Democrats Fold on Bush Tax Cut Issue in Record Time
The Democrats have found themselves a fresh new cliff to drive over, everyone! Yesterday the party leadership decided not to vote on extending middle-class Bush tax cuts before election day. That just would've mobilized their supporters too much, you see?
For only the last nine or ten years, a staple of the Democratic party's national platform has been to repeal (or just let expire!) George W. Bush's massive tax cuts for the two top income brackets, whenever they retook the White House. It's been about as central a tenet to their identity in the past ten years as being pro-choice has. Constant Free Abortions and Ending George W. Bush's Rich People Tax Cuts: The heart and soul of the modern Democratic party.
But apparently nine or ten years was still not enough time for Democrats to prepare a competent legislative strategy for acting on this very simple and popular proposal.
Members of Congress knew that when they returned from their 1.5-month summer vacation this September, they'd quickly get to work on this plan — not only because it's respectable economic policy to allow marginal cuts on the top 2% of income earners to expire (which they're set to do on January 1) while extending them for lower brackets, either temporarily or permanently, but also because this was one of the few clear-cut issues that could wake up an otherwise exhausted, apathetic Democratic electorate.
But congressional leaders didn't start "taking temperature" of their caucus' opinions until a week ago, instead of preparing over the summer, acting quickly when they returned, and not looking like incompetent, unprepared failure monsters. And, predictably, a 30-something block of conservative Democrats in the House, as well as some conservative, endangered, or generally annoying Senators, immediately defied the White House and congressional leadership by supporting the Republican position of extending all Bush tax cuts. (These current complainers never seemed to have a problem with this middle-class-only plan when they rode Obama's Democratic wave to power in 2008, but let's not wade into the field of Blue Dog Democrats and Lazy Opportunism just yet. We won't bother them as they're enjoying the final month of their careers in elected office.)
And now Democrats won't even attempt to get their way, in a political season. Instead of trying to pass bills for the largest middle-class-only tax cut in history now, they'll wait for the lame-duck session following election day. And why? Because some Democrats who'll lose anyway are mortified of being labeled "tax hikers" were they to vote for a plan that doesn't disproportionately benefit the wealthiest 2% of Americans.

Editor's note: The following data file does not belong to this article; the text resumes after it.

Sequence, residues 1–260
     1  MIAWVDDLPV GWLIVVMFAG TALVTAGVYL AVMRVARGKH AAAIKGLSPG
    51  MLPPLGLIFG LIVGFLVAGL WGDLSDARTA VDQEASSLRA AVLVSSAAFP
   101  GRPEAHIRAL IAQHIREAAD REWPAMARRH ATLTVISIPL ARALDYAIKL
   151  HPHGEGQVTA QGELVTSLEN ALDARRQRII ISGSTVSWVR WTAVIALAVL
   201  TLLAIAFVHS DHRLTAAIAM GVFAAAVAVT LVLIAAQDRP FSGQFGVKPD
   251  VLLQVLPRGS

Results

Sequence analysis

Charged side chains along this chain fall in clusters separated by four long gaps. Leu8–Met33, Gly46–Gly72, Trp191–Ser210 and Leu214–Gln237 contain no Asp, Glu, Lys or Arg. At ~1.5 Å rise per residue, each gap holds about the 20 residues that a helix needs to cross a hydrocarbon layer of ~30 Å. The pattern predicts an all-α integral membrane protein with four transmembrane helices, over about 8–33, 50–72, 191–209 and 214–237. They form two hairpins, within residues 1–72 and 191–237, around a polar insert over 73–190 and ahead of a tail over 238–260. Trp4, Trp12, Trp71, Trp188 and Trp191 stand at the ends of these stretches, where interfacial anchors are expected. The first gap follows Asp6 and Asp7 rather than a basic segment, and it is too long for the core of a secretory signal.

Nancy Pelosi would've been able to find the votes for passing this in the House. She's good at that sort of thing. And eventually some Democratic holdouts there would come to realize that taking a Democratic instead of Republican position on a major issue for once could help them get re-elected when they're running as Democrats. Then, in the Senate, would Republicans filibuster such a bill? Yes, probably. But if they did, there's nothing wrong with that! Democrats could've brought it up for a vote day after day after day for a couple of weeks, broadcasting Republicans' blockage of historically large middle-class tax cuts. And if Republicans stayed unified through the election, Democrats could then resort to passing it in a lame-duck session.
But now, this seems to be the Dems' devastating self-inflicted realistic doom scenario: Republicans will likely win at least one chamber of Congress on election day, then they'll start gloating about how they have a mandate to serve the people, and Democrats should stop rushing legislation since clearly America rejected their stupid faces, blah blah blah. Senate Republicans will have every incentive to keep filibustering the Democrats' plan through the lame-duck session. Then, unless the Democrats compromise during the lame-duck, the new Republican leadership in one or more chambers will introduce bills for permanently extending all Bush tax cuts — just as they promised to do in their comical "Pledge" yesterday — and eventually strong-arm the Obama administration into supporting it as the only tax-extension plan remaining. Obama's clearest and most repeated campaign promise was to not raise taxes (or allow tax cuts to expire) on Americans making less than $250,000 per year. If next year's Republican plan is his only opportunity to keep that promise, he'll sign it. Republicans will both take credit and continue attacking him, for not signing it earlier or something.
Can someone at the White House please let us know if we're gaming this wrong? Because this is how many people are gaming it, because it's kind of obvious. Yet all the White House seems to be saying nowadays is that Republicans are mean and scary and to blame for Democrats not even holding votes on their popular bills. The confidence, it radiates! It radiates. On another note, remember when political parties and politicians used to be interested in winning elections?
I'm paid to follow this horror show, is the thing. What's your excuse?
[Image via AP]